Earthquake Atlas of Southern California 1978 - 1990

Egill Hauksson, Kate Hutton, Katrin Hafner, & Lucile M. Jones

Published 1992, SCEC Contribution #6

The Southern California Seismographic Network (SCSN) (Fig. 1) has recorded more than 139,000 earthquakes in southern California since 1978. This earthquake atlas presents maps to describe this ongoing earthquake activity and to facilitate a comparison of the activity with mapped tectonic structures such as late Quatemary faults. These maps also show what earthquake data are available from the Southern California Seismographic Network. Furthermore, when new significant activity occurs, these maps will facilitate comparison with past activity.

The relationship between the seismicity and tectonic structures in southern California has been the subject of broad regional studies such as Wood (1947) and Allen et al. (1965). Wood (1947) analyzed a data set of about 1200 earthquakes while Allen et al. (1965) analyzed 10,126 earthquakes. Allen et al. (1965) recognized that events of magnitude 6.0 or larger were usually associated with major late Quaternary faults, but that the smaller events are scattered and in most cases cannot be associated with mapped surficial faults. They also pointed out the lack of small earthquakes or background seismicity along major late Quaternary faults such as the San Andreas fault Since the Allen et al. (1965) study was completed, the number of seismographic stations in southern California has grown from 18 to 220 in 1990. Most of the new stations were deployed in the 1970s and, with the advent of digital recording and data processing in 1977, make the data collected and analyzed since 1978 of significantly higher quality. This atlas thus allows a comparison between the new and old data and provides an opportunity to check if some of the earlier conclusions about seismicity, such as the scattering of the small events, are real or artifacts caused by insufficient data.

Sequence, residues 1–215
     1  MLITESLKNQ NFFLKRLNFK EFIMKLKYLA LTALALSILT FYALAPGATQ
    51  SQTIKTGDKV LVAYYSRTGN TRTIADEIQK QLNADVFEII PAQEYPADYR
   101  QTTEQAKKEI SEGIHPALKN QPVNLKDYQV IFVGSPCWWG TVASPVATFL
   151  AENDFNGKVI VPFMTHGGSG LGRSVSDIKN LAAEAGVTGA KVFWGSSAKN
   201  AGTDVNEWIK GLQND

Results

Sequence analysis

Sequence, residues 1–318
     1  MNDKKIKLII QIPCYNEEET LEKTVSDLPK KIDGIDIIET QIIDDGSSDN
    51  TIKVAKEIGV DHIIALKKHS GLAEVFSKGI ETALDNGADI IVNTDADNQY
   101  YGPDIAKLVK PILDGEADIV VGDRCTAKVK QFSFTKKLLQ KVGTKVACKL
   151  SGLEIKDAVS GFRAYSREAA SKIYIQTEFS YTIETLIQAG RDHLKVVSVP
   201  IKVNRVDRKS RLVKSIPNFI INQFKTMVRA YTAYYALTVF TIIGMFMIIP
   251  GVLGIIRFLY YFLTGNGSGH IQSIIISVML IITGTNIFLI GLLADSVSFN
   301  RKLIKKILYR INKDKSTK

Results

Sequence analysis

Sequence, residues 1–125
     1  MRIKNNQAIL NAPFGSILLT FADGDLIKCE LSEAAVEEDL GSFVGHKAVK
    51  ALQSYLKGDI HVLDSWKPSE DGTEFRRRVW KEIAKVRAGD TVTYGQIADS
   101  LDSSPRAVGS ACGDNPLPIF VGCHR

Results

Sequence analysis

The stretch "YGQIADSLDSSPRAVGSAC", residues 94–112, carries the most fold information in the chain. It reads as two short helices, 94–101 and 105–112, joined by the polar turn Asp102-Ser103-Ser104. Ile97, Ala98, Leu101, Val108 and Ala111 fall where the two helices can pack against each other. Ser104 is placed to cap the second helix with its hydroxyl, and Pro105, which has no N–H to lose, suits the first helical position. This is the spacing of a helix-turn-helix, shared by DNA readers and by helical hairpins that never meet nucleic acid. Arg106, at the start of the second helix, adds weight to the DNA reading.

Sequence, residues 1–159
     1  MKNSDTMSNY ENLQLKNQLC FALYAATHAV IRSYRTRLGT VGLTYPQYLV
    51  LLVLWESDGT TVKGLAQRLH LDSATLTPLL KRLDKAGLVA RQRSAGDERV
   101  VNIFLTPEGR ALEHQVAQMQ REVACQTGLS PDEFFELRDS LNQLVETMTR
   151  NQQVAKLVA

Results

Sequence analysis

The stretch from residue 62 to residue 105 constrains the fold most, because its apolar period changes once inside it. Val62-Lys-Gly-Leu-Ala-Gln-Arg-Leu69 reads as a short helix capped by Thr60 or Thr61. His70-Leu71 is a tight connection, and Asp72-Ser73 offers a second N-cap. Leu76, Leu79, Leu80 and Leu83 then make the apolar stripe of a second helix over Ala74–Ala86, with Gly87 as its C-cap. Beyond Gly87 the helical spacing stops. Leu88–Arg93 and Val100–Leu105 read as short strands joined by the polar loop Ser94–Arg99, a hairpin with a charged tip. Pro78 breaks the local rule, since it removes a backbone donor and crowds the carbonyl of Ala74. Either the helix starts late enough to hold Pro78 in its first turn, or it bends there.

The seismicity maps in this atlas cover two time windows, 1978-1990 and 1990. Because the 13-year maps 1978-1990 show all the recorded activity, they are dominated by the smaller earthquakes. These illustrate the relationship between late Quaternary faulting and seismicity. The 1990 maps include lower-hemisphere single-event focal mechanisms of the larger earthquakes, which reflect the local tectonics. Comparison of the two maps illustrates how many years of monitoring can give a much more complete picture of the earthquake activity than a short time interval, such as a year.


Key Words
United States, swarms, Southern California Seismic Network, seismology, seismicity maps, Transverse Ranges, California, Coast Ranges, Southern California, maps, Imperial Valley, Los Angeles Basin, tectonics, San Bernardino Mountains,earthquakes, Elsinore Fault, atlas

Citation
Hauksson, E., Hutton, K., Hafner, K., & Jones, L. M. (1992). Earthquake Atlas of Southern California 1978 - 1990. , : AEG Southern California Sector Special Publication.